Helen Walsh: Young, gifted, bold as brass

Helen Walsh has matured since she bashed out her drug-fuelled first novel on her mum's kitchen table. But, Katy Guest finds, she's still not scared of controversy
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The Independent Culture

Sitting in Liverpool's Anglican cathedral, overlooking its windblown graveyard and the genteel houses beyond, I wonder if any of the other half-term sightseers are thinking what we're thinking about that view. "I did a reading on that gravestone as part of the European Capital of Culture celebrations," says Helen Walsh, nodding casually towards the setting where her first novel, Brass, begins. "Randomly, she selects a grave," goes the chapter that she read out to an audience of earnest local culture seekers. "She removes her clothes with a routine agility. She's serviced a hundred other punters on this very slab of time- worn concrete... 'I don't do fish,' she says."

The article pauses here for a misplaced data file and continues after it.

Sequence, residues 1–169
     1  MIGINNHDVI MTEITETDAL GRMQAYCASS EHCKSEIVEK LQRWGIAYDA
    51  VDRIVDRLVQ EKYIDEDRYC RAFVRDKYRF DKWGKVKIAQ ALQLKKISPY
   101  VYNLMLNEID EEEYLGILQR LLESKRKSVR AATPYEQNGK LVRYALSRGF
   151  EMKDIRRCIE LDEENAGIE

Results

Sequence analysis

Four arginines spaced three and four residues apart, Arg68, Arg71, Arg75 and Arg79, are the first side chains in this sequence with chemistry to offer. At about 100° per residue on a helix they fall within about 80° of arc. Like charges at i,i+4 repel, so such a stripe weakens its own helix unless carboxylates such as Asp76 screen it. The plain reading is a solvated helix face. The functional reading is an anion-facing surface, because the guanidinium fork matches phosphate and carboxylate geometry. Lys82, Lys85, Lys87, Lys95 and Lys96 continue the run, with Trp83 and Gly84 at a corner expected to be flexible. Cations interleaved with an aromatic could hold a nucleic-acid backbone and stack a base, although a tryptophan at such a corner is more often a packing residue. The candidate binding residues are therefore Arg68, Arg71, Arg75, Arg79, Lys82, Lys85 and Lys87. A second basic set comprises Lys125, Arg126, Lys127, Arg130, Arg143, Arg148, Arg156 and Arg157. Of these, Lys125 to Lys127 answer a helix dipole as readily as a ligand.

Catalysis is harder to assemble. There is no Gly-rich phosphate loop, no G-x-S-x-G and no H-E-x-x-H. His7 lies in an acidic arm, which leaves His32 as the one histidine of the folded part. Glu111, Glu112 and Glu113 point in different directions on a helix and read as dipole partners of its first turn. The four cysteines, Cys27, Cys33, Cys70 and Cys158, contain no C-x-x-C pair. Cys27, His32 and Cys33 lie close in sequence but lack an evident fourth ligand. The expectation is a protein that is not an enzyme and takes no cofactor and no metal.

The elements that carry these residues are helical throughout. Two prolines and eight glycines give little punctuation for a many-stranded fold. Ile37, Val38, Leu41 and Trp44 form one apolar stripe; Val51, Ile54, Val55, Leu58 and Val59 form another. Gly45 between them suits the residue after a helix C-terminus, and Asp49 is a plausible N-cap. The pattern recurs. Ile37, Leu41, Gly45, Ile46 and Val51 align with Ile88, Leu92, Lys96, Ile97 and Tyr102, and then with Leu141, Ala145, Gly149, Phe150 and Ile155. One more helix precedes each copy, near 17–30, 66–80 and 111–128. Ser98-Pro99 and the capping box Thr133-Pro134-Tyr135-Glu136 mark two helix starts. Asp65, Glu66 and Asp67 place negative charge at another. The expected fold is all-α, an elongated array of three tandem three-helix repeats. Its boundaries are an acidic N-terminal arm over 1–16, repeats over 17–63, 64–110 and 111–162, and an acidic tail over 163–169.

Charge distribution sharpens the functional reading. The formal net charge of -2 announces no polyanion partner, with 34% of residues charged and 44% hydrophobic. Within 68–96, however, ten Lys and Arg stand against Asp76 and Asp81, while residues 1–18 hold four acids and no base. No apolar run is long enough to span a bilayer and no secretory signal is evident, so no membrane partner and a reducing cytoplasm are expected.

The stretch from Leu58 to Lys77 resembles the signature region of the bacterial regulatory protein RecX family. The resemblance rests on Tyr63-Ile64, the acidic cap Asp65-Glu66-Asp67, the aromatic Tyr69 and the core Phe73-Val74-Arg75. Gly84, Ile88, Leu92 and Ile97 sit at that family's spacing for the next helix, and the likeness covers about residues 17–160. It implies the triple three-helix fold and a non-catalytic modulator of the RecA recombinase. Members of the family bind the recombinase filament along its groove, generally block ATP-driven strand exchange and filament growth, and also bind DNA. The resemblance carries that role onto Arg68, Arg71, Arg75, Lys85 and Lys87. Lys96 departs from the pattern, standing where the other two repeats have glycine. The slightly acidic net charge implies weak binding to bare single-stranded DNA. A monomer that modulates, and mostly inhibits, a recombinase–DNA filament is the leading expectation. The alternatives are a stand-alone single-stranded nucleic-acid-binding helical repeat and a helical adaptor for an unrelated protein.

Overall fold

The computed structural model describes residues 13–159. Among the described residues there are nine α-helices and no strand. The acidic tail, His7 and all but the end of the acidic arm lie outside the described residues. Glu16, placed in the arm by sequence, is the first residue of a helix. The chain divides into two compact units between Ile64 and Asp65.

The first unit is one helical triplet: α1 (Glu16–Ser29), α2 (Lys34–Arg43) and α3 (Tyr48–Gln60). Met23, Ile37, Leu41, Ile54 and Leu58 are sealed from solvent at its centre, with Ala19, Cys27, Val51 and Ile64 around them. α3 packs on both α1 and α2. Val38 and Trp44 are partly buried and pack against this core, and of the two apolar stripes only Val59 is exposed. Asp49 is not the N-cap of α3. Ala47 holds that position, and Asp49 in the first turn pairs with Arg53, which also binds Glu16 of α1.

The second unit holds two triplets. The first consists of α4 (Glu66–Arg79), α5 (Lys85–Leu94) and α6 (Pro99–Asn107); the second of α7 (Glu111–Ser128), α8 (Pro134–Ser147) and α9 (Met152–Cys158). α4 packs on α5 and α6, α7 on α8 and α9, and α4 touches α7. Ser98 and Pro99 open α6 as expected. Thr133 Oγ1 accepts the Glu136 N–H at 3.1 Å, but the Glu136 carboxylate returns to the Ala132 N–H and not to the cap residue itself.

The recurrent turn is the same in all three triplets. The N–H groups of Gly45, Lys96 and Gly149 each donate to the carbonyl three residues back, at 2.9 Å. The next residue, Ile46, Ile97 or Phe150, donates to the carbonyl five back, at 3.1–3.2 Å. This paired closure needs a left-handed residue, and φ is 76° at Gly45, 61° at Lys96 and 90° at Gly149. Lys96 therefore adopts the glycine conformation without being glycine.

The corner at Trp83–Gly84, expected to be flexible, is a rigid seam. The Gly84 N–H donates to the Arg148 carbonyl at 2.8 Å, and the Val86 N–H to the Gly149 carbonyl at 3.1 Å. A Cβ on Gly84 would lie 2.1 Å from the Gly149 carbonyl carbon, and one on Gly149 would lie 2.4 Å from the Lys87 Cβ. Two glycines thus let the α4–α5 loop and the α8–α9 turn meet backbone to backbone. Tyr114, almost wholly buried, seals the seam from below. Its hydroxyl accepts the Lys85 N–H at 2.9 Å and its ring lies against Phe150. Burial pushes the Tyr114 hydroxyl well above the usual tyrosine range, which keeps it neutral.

She giggles at the recollection: she never expected to find herself standing beside a gravestone reading the mucky bits from her critically acclaimed debut novel as part of a state-sponsored celebration of her beloved city, warts and all. She doesn't even like the Capital of Culture label. "Liverpool has always been a place that won't swallow its medicine," she says. The idea of marshalling its anarchic spirit, packaging it up and marketing it as "Culture" fills her with dread.

Helen Walsh and Brass crashed on to the literary scene four years ago in a tornado of booze, beak and lustily described bodily fluids. Reviews of the novel, the story of 19-year-old Millie's drug-fuelled sexual adventures and ultimate self-discovery, were mixed. This newspaper hailed it as "spellbinding and utterly unique". The Guardian called it "less a cry from the heart than a bellow from the guts." "Brass is to When Harry Met Sally what Apocalypse Now is to Dad's Army," said the Telegraph. Amazon's lead customer review, meanwhile, calls it "The most uninteligent [sic], shallow and loathesome [sic] work of fiction I have ever had the misfortune to read."